Carmen Miranda facts for kids
From the movie The Gang's All Here (1943)
Maria do Carmo Miranda da Cunha, GCIH
9 February 1909
Marco de Canaveses, Portugal
|Died||5 August 1955
|Cause of death||Heart attack|
|Other names||The Brazilian Bombshell
The Chiquita Banana Girl
The Lady in the tutti frutti hat
David Alfred Sebastian (m. 1947–1955)her death
Carmen Miranda, GCIH • OMC (Portuguese pronunciation: [ˈkaɾmẽȷ̃ miˈɾɐ̃dɐ], born Maria do Carmo Miranda da Cunha, February 9, 1909 – August 5, 1955) was a Portuguese-born Brazilian samba singer, dancer, Broadway actress, and film star who was popular from the 1930s to the 1950s. Nicknamed "The Brazilian Bombshell", Carmen Miranda is noted for her signature fruit hat outfit she wore in her American films.
As a young woman, Miranda worked in a boutique designing hats before ultimately recording her first album with composer Josué de Barros in 1929. Yet it was her 1930 recording of the song Taí (Pra Você Gostar de Mim), written by Joubert de Carvalho that catapulted her to national stardom and cemented her status as the premiere interpreter of the increasingly popular samba genre.
Throughout the 1930s, Miranda performed on Brazilian radio stations and appeared in five Brazilian sound films known as chanchadas, which celebrated Brazilian music, dance, and carnival culture. Features like Hello, Hello Brazil! and Hello, Hello, Carnival! embodied the spirit of these early Miranda films, though it was the 1939 musical Banana da Terra, directed by Ruy Costa, that brought the world her iconic “Baiana” image, inspired by the wardrobe of poor afro-descendents from the northeastern state of Bahia.
In 1939, Lee Shubert, a Broadway businessman, offered Carmen Miranda an eight-week contract to perform in The Streets of Paris on Broadway after seeing her at Cassino da Urca, in Rio de Janeiro.
In 1940, she made her first Hollywood film, Down Argentine Way, with Don Ameche and Betty Grable; her exotic clothing and Latin accent became her trademark. In the same year, she was voted the third most popular personality in the United States and was invited to sing and dance for President Franklin Roosevelt, along with her group, Bando da Lua. In 1943, Miranda starred in Busby Berkley's The Gang's All Here, which was noted for its use of musical numbers with the fruit hats that were to become Miranda's trademark. By 1945, she was the highest paid woman in the United States.
Miranda made a total of fourteen Hollywood films between 1940 and 1953. Though hailed as a talented performer, her popularity waned by the end of World War II. She later grew to resent the stereotypical "Brazilian Bombshell" image she cultivated and attempted to break free of it with limited success. Undaunted, Miranda focused increasingly on her nightclub appearances, also becoming a fixture on television variety shows; indeed, for all the stereotyping she faced throughout her career, her performances made huge strides in popularizing Brazilian music, while at the same time paving the way for the increasing awareness of all Latin culture.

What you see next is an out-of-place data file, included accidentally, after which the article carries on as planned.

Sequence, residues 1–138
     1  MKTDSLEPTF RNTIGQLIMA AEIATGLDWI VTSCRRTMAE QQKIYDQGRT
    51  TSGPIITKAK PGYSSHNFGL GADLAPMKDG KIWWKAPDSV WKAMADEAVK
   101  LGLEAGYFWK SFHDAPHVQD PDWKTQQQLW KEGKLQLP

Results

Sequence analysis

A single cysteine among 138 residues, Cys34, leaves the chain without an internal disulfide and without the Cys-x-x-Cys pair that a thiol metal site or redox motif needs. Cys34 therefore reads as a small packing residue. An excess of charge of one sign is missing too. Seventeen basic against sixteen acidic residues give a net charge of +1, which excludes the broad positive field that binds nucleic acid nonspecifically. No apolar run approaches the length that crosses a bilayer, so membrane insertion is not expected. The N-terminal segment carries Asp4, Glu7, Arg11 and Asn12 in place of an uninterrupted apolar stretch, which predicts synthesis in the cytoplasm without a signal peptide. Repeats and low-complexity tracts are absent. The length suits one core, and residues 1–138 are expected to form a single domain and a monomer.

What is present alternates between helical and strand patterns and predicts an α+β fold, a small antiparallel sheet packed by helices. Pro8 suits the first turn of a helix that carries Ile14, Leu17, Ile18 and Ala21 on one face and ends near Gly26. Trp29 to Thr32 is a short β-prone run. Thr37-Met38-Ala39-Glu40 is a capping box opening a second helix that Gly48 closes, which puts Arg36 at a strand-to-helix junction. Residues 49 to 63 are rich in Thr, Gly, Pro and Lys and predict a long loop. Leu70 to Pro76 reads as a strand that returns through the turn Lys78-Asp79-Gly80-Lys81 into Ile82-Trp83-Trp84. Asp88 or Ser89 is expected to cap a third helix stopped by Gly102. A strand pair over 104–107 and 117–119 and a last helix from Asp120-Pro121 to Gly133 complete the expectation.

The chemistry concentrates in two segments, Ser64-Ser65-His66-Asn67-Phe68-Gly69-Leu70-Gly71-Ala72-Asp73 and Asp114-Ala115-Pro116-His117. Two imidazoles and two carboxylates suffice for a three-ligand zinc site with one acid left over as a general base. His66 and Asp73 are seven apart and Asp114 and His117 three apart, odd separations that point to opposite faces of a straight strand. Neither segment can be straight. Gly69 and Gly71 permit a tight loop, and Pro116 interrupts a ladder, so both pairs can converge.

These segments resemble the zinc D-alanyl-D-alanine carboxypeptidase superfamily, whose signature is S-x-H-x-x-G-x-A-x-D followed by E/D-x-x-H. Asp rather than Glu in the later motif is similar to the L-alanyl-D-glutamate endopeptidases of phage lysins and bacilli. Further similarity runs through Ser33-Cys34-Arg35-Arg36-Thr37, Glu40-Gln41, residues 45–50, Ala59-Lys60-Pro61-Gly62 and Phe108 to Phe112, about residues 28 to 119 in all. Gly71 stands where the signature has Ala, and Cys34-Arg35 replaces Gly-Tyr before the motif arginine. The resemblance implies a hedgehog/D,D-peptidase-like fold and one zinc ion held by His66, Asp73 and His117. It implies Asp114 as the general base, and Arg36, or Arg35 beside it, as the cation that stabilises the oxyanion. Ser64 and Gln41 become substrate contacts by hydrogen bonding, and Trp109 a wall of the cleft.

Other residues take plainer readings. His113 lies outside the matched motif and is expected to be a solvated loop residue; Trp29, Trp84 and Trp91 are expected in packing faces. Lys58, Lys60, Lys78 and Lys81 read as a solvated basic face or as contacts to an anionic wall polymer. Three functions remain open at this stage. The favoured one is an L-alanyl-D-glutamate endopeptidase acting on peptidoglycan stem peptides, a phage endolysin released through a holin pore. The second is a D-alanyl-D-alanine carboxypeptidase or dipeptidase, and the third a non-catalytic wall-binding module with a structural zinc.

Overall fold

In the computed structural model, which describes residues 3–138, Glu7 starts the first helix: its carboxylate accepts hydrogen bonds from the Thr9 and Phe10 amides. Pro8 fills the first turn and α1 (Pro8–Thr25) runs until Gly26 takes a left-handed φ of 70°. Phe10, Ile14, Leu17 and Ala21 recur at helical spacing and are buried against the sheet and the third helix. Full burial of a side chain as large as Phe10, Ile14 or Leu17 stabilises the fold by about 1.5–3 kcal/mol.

Carmen Miranda was the first Latin American star to be invited to imprint her hands and feet in the courtyard of Grauman's Chinese Theatre, in 1941. She became the first South American to be honored with a star on the Hollywood Walk of Fame. She is considered the precursor of Brazil's Tropicalismo cultural movement of the 1960s. A museum was later constructed in Rio de Janeiro in her honor, and in 1995 she was the subject of the acclaimed documentary Carmen Miranda: Bananas is My Business.
|1933||A Voz do Carnaval||Herself at Rádio Mayrink Veiga|
|1935||Hello, Hello Brazil!|
|1936||Hello, Hello, Carnival!|
|1939||Banana da Terra|
|1940||Laranja da China|
|1940||Down Argentine Way||Herself|
|1941||That Night in Rio||Carmen|
|1941||Week-End in Havana||Rosita Rivas|
|1941||Meet the Stars #5: Hollywood Meets the Navy||Herself||Short subject|
|1942||Springtime in the Rockies||Rosita Murphy|
|1943||The Gang's All Here||Dorita||Alternative title: The Girls He Left Behind|
|1944||Greenwich Village||Princess Querida|
|1944||Something for the Boys||Chiquita Hart|
|1944||Four Jills in a Jeep||Herself|
|1944||Sing With the Stars||Herself||Short film|
|1945||The All-Star Bond Rally||Herself (Pinup girl)|
|1945||Doll Face||Chita Chula||Alternative title: Come Back to Me|
|1946||If I'm Lucky||Michelle O'Toole|
|1947||Copacabana||Carmen Novarro/Mademoiselle Fifi|
|1948||A Date with Judy||Rosita Cochellas|
|1949||The Ed Wynn Show||Herself||Episode #1.2|
|1949 to 1952||Texaco Star Theater||Herself||4 episodes|
|1950||Nancy Goes to Rio||Marina Rodrigues|
|1951||Don McNeill's TV Club||Herself||Episode #1.25|
|1951||What's My Line?||Mystery Guest||18 November 1951 episode|
|1951 to 1952||The Colgate Comedy Hour||Herself||3 episodes|
|1951 to 1953||All-Star Revue||Herself||2 episodes|
|1953||Scared Stiff||Carmelita Castinha|
|1953||Toast of the Town||Herself||Episode #7.1|
|1955||The Jimmy Durante Show||Herself||Episode #2.2|
|1995||Carmen Miranda: Bananas is My Business||Herself||Archive footage|
Images for kids
Travessa do Comércio in Rio de Janeiro, Brazil, a lively pedestrian street lined with bars, cafes and restaurants. Carmen Miranda lived at No. 13 during her youth.
Carmen Miranda alongside Don Ameche to a scene in the movie That Night in Rio (1941)
Carmen Miranda's star on the Hollywood Walk of Fame.
Miranda in an advertisement for General Electric in issue of The Saturday Evening Post (1945).
Daffy Duck as Miranda in Yankee Doodle Daffy, 1943.
Carmen Miranda Facts for Kids. Kiddle Encyclopedia.